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Hong Kong keen to profit from Chinese financial windfall

The Chinese Super League could have participation from Hong Kong in the future.

Beijing Guoan FC fans chant slogans during a Chinese Super League game
Beijing Guoan FC fans chant slogans during a Chinese Super League game

The Hong Kong Football Association will discuss the possibility of sending teams to play in Chinese competitions as they hope to take advantage of a surge in soccer investment on the mainland.

Chinese Super League clubs have made several ambitious deals in recent weeks, with Jiangsu Suning shelling a Chinese record 50 million euros ($56.3 million) for Brazil midfielder Alex Teixeira after Colombian striker Jackson Martinez joined Guangzhou Evergrande for 42 million euros.

While the buying power of the Chinese clubs appeared to surprise many European commentators and pundits, HKFA chief executive Mark Sutcliffe is keen to see his clubs profit from the upsurge in interest.

"It would be stupid not to at least consider how HK football can benefit from these developments," Sutcliffe was quoted as saying by Saturday's South China Morning Post.

"This will include revisiting the possibility of taking part in some of their competitions."

The notion had been floated before, the paper said, with its re-emergence coinciding with a period of heightened tensions between the neighbours.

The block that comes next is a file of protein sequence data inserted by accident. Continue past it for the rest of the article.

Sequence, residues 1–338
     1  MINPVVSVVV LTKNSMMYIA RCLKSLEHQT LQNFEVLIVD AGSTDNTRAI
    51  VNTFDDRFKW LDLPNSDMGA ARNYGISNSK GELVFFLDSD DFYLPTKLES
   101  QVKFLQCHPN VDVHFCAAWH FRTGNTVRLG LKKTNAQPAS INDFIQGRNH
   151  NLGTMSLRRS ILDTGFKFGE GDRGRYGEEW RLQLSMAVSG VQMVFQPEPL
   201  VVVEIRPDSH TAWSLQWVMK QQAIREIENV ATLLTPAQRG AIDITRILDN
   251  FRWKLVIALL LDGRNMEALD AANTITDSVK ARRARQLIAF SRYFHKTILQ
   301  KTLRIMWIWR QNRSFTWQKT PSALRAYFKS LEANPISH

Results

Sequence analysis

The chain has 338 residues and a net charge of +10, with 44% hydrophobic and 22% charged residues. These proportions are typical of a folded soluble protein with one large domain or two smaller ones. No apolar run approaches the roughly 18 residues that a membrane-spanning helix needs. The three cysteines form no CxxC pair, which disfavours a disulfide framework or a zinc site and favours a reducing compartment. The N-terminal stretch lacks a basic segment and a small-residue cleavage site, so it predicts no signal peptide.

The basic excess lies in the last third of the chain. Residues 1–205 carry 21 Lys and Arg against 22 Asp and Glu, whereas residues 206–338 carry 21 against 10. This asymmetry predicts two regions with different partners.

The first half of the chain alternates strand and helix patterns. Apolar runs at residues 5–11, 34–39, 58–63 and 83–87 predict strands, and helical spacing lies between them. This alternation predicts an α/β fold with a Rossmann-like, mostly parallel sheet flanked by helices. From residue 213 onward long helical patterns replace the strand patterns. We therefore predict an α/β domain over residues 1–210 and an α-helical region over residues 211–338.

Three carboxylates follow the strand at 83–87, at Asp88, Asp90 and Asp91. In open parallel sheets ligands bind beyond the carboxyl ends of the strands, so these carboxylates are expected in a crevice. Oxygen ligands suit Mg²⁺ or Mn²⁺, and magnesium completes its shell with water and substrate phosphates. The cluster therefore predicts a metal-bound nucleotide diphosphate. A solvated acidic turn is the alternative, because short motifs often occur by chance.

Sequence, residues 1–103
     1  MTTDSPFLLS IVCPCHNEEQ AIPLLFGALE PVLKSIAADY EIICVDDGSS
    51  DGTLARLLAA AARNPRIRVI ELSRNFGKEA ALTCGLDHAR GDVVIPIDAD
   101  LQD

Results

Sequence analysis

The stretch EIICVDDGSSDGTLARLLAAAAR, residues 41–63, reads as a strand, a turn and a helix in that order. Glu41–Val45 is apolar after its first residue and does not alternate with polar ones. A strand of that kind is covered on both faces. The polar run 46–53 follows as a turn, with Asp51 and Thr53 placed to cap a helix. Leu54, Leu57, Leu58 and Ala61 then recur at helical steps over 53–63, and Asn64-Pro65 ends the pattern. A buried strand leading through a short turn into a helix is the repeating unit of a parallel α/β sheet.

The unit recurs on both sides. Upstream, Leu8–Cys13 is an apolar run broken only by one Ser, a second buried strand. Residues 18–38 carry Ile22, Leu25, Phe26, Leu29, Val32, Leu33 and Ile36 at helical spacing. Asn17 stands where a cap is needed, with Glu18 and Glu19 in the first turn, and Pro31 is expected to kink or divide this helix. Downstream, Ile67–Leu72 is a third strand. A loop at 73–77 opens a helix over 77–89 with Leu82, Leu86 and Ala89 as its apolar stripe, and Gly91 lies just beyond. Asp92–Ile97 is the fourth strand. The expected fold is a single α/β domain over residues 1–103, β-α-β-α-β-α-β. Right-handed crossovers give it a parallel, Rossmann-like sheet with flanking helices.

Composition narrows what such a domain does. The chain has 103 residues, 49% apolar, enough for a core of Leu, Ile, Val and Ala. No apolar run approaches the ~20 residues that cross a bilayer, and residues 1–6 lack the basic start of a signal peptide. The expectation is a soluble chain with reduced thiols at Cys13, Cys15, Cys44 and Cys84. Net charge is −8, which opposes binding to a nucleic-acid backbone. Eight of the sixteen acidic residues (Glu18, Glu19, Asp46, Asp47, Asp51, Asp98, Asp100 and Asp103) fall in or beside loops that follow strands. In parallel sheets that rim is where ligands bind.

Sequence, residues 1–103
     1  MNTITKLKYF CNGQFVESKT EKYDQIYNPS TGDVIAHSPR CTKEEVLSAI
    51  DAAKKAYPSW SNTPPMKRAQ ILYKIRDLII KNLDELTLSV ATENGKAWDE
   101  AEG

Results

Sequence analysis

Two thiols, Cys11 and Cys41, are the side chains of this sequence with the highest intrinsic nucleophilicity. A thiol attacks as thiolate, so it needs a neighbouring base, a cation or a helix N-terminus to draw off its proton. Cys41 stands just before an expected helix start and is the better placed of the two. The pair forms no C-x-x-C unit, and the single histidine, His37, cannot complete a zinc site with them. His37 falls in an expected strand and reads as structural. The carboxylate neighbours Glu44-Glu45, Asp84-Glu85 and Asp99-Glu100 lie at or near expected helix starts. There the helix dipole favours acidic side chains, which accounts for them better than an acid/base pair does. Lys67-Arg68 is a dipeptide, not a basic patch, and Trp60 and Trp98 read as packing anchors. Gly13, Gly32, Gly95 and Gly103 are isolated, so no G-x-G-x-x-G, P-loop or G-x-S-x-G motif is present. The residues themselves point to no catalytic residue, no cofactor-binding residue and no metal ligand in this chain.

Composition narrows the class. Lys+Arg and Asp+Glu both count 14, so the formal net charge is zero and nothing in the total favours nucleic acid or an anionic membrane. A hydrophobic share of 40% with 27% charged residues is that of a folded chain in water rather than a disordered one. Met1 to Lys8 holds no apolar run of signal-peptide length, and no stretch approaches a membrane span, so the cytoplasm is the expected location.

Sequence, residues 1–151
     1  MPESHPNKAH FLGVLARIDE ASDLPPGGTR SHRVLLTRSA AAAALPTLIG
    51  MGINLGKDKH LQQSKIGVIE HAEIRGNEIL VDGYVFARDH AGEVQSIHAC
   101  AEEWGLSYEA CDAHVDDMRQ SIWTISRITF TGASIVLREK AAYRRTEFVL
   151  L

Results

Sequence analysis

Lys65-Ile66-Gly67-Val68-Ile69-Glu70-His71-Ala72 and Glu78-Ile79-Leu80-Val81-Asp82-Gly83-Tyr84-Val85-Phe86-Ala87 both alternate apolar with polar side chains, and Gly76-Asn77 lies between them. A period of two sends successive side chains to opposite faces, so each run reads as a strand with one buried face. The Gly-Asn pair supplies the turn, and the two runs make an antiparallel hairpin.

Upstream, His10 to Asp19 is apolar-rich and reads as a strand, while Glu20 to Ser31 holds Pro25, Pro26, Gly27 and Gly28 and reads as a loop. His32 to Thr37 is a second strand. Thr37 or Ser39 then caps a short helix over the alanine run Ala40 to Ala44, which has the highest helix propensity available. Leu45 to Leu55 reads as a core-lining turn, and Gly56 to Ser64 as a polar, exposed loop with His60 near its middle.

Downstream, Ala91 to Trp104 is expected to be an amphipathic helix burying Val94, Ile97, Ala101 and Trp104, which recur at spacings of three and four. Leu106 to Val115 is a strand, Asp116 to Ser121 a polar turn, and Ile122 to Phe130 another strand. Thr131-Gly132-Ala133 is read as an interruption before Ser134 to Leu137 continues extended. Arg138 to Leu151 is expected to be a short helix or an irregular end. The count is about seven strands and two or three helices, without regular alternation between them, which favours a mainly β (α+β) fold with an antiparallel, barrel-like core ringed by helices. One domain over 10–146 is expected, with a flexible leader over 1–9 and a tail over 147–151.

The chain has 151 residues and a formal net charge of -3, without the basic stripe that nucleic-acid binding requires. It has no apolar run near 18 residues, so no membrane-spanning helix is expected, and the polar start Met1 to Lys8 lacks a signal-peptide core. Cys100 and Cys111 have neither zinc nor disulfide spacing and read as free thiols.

China has governed Hong Kong under a "one country, two systems" formula since it returned from British rule in 1997 but last year's democracy protests and the booing of the Chinese anthem at World Cup qualifiers have highlighted a displeasure with the structure.

Sutcliffe said it was important that any moves to play in China would not affect Hong Kong's football autonomy, while the report suggested competing in the Chinese FA or League Cups were more likely than Super League participation.

Conversations would take place at meetings on Wednesday, Sutcliffe added.

"As you would expect, we are trying to think about how Hong Kong football can benefit, even vicariously, from this increased interest and investment," he said.

"But we will also be considering more tangible ways we can tap into the changes happening over the border without compromising our independence.”

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